When the economy is flat-lining or in recession, fiscal stimulus will only be effective when concerns about sovereign risk (the possibility that the government will default on its debt) are contained. That is the central conclusion of research by Giancarlo Corsetti, Keith Kuester, André Meier and Gernot Müller, published in the February 2013 issue of the Economic Journal.
Their study explores how policy-makers can preserve macroeconomic stability in a situation where fears about sovereign default drive up risk premia for banks, firms and the wider economy. The threat to stability becomes acute when public debt is high and monetary policy is at the zero lower bound. Once the central bank has exhausted the room for further monetary easing, government spending cuts can become a critical tool to avert self-fulfilling crisis dynamics.
What”s more, government spending cuts are less harmful to growth in the presence of the ”sovereign risk channel” through which high public indebtedness raises funding costs in the private sector and dampens overall economic activity. The researchers conclude:
”Our results underscore the importance of keeping the public finances under control during good times.
”Only when concerns about sovereign risk are contained, do fiscal policy-makers retain the capacity to enact effective fiscal stimulus during bad times.”
In the wake of the global financial crisis, sovereign risk premia have risen sharply in several countries, notably in the euro area periphery. The rise in sovereign spreads has been accompanied by a tightening of private credit markets in the relevant countries, as investor fears about sovereign risk have spilled over to banks and corporates.
The study analyses how this sovereign risk channel threatens macroeconomic stability – and what policy-makers can do to counter the threat. First and foremost, the researchers find that the sovereign risk channel may give rise to problems of beliefs-driven economic outcomes in highly indebted countries when monetary policy can no longer provide accommodation.
Consider a sudden pessimistic shift in expectations that implies weaker future growth and a higher government deficit. In this scenario, the risk premium on public debt rises and, through the sovereign risk channel, spills over to private borrowing costs. Higher interest rates for firms and households, in turn, slow down activity, validating the pessimistic shift in expectations.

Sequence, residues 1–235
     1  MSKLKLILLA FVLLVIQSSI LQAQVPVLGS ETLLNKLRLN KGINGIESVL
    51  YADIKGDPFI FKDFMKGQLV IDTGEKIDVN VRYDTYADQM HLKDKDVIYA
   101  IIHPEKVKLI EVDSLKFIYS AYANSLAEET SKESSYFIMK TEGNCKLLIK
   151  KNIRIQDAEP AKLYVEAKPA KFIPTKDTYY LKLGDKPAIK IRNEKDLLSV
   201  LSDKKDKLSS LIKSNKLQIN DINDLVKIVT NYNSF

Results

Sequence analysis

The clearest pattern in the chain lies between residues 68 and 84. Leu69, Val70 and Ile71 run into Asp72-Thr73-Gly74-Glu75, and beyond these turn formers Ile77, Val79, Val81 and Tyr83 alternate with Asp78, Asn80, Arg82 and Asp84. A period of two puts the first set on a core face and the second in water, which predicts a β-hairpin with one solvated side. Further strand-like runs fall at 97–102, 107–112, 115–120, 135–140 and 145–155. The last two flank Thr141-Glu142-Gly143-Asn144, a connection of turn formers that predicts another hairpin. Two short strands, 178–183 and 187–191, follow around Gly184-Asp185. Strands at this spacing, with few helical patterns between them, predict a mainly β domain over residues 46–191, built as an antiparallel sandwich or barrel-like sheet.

By reducing sovereign risk, government spending cuts can help to rein in these beliefs. But austerity may be insufficient to do so under all circumstances, particularly for very high levels of sovereign risk. This suggests that there are potentially significant benefits of other policies aimed at countering a sharp rise in sovereign risk premia, for example, unconventional central bank measures.
Second, even in the absence of beliefs-driven outcomes, the sovereign risk channel alters the effects of government spending on economic activity in important ways. Government spending cuts have two direct effects: they reduce demand; and they reduce the deficit. In addition, they also affect demand and the deficit indirectly through the sovereign risk channel.
When sovereign debt is high, the initial fall in the deficit reduces risk premia, stimulating private sector demand. Therefore, output contractions following spending cuts are smaller than in the absence of the sovereign risk channel. Indeed, output may – in extreme cases – even rise.
In contrast, when sovereign risk is relatively low and the central bank is constrained for an extended period of time, fiscal austerity can become self-defeating: the initial reduction in economic activity (and the ensuing fall in tax revenues) is then so steep that the budgetary situation deteriorates despite the austerity measures.
”Sovereign Risk, Fiscal Policy and Macroeconomic Stability” by Giancarlo Corsetti, Keith Kuester, André Meier and Gernot Müller is published in the February 2013 issue of the Economic Journal. Giancarlo Corsetti is at the University of Cambridge. Keith Kuester and Gernot Müller are at the University of Bonn. André Meier is at the International Monetary Fund.